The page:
Hope this helps.

Lewis
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Livefree
Advanced Member

USA
270 Posts

Posted - 20 Dec 2003 :  18:13:34  Show Profile  Reply with Quote
quote:
Originally posted by Lewish

No, go back to the Constitution of the united States for the definition of dollar. It is a unit of measure of silver. It cannot be FRNs. The original "dollar sign" as a capital "U" on top of a capital "S".
I guess what I don't understand is this: Why did HJR 192 say "dollar for dollar", when the term 'dollar' means a unit of measure of silver? Why didn't they just say, "Federal Reserve Note for Federal Reserve Note"? The term 'dollar', in legal contemplation, has only ONE meaning, and that is a unit measure of silver, but they are using that term ambiguously in HJR 192.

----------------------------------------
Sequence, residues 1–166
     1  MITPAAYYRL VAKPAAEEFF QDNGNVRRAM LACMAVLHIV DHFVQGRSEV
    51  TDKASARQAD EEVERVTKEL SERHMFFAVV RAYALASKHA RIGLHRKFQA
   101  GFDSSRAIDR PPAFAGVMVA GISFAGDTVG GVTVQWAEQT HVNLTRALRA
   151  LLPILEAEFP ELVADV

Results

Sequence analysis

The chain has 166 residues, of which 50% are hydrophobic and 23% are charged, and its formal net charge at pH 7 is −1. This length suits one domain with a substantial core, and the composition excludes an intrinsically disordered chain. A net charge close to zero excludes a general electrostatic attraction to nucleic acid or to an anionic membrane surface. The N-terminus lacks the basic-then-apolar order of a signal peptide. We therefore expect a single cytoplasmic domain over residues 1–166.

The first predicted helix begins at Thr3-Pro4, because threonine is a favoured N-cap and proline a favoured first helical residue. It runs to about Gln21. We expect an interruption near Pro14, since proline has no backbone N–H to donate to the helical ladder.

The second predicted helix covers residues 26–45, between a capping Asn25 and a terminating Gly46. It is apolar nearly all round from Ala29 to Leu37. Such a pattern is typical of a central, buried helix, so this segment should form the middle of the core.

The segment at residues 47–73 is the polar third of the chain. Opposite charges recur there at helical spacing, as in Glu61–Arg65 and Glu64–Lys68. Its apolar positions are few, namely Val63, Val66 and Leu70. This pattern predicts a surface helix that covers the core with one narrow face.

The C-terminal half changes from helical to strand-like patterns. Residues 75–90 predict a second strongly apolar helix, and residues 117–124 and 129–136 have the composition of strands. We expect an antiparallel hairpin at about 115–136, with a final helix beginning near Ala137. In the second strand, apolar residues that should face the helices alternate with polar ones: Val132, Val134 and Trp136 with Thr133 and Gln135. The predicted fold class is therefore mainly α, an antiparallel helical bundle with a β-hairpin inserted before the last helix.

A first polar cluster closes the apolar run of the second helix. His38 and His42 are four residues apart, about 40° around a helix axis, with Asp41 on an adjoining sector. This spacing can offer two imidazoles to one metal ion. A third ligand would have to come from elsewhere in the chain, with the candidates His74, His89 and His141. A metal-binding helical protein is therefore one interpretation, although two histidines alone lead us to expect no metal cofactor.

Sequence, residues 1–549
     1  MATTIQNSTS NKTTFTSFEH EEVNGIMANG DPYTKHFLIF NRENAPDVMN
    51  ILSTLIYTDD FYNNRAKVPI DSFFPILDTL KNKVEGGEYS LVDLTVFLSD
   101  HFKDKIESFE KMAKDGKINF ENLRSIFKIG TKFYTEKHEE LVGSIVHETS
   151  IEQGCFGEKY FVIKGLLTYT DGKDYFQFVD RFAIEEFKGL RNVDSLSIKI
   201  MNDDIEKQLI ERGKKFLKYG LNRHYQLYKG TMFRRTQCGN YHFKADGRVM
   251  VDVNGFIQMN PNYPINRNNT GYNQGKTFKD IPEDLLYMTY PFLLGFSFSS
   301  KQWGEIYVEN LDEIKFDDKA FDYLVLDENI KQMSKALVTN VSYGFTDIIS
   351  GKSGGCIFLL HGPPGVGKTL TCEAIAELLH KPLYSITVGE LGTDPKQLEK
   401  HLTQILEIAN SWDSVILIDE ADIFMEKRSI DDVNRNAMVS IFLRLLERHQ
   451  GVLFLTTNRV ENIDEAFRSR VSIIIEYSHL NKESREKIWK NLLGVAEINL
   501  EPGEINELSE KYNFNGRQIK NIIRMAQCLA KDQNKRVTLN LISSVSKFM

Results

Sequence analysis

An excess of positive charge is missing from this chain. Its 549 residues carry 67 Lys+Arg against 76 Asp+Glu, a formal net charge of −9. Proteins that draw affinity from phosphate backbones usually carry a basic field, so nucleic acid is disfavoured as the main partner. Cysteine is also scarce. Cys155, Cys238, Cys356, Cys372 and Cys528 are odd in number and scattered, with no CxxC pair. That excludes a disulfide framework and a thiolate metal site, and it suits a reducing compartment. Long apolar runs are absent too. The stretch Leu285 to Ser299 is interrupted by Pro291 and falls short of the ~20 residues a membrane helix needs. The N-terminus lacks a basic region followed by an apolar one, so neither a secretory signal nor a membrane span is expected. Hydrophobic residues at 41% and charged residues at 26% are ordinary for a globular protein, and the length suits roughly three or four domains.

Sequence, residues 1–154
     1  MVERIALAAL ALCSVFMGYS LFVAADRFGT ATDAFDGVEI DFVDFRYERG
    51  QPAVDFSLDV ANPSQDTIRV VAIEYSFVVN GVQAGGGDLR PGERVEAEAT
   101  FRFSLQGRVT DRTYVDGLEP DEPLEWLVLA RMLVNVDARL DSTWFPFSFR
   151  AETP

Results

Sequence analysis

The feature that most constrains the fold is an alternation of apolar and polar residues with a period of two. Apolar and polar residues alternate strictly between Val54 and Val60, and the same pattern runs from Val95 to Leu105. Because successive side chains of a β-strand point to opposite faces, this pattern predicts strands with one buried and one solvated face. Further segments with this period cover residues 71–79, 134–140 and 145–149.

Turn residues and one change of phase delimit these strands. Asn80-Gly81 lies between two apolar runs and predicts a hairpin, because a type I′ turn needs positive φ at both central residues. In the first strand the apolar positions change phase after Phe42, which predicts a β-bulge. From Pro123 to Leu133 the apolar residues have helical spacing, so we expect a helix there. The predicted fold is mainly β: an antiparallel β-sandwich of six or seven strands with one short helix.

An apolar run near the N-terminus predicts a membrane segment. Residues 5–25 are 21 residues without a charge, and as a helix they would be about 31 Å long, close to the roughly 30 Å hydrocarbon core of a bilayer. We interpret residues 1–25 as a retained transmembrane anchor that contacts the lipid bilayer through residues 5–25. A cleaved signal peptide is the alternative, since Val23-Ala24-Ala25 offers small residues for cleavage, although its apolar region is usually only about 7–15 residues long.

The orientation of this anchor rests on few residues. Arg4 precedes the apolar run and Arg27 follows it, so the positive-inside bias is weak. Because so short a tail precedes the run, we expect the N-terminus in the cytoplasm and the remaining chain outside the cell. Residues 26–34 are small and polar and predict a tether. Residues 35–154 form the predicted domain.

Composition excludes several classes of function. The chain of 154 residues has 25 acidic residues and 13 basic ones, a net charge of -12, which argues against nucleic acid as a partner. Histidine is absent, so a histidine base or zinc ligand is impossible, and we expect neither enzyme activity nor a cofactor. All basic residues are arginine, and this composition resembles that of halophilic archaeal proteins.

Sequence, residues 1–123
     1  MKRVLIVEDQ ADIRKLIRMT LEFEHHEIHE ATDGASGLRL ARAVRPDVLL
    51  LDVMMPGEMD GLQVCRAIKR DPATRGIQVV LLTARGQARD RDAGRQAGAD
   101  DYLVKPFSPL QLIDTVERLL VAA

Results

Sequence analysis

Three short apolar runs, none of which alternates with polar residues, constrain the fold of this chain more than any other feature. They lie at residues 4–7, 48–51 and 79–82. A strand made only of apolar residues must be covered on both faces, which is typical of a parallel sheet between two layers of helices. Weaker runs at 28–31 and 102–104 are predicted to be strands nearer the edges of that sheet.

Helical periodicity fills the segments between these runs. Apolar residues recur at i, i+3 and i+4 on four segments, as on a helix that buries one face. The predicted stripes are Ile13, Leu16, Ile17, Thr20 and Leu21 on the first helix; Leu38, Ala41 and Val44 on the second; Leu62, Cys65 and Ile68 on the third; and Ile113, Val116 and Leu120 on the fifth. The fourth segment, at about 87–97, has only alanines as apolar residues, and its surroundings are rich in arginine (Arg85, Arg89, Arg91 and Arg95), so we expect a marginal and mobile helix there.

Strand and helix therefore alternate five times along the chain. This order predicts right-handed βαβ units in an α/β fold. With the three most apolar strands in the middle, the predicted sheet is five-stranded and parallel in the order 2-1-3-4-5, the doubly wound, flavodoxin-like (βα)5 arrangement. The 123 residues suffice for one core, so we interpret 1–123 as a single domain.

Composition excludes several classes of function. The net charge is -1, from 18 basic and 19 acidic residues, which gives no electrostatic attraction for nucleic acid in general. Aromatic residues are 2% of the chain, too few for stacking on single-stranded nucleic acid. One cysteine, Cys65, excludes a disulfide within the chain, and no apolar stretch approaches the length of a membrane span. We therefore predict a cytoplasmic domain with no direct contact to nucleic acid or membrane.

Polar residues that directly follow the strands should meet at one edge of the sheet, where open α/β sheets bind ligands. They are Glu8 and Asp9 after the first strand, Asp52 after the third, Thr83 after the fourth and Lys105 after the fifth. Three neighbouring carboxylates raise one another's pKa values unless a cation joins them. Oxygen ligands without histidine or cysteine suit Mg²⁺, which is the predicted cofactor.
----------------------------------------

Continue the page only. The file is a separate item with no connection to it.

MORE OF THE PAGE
I guess I still don't understand why they just don't use the words "Federal Reserve Note" - the words are unambigous.

I read your answer as to why they don't use the words 'Federal Reserve Notes', i.e., the amount due would double, but I'm not sold on that as a reason why they don't use those words.

Edited by - Livefree on 20 Dec 2003 18:16:08
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Lewish
Advanced Member

uSA
496 Posts

Posted - 21 Dec 2003 :  14:54:06  Show Profile  Reply with Quote
Livefree,

Would it make sense to have said "Every obligation shall be discharged upon payment with more obligation"? A Federal Reserve Note being more obligation.

Can an obligation, as descirbed in HJR-192, be measured in anything other than dollars? I don't see how, as that is the only measure provided under the Constitution.

Does this help any?

Lewis
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Livefree
Advanced Member

USA
270 Posts

Posted - 21 Dec 2003 :  18:30:31  Show Profile  Reply with Quote
Hi Lewis,

Why couldn't they have left the words, dollar for dollar, out?

"shall be discharged upon payment in any such coin or currency which at the time is legal tender for public and private debts."

"Any such coin or currency" means the same thing as "dollar for dollar", don't you think?
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Lewish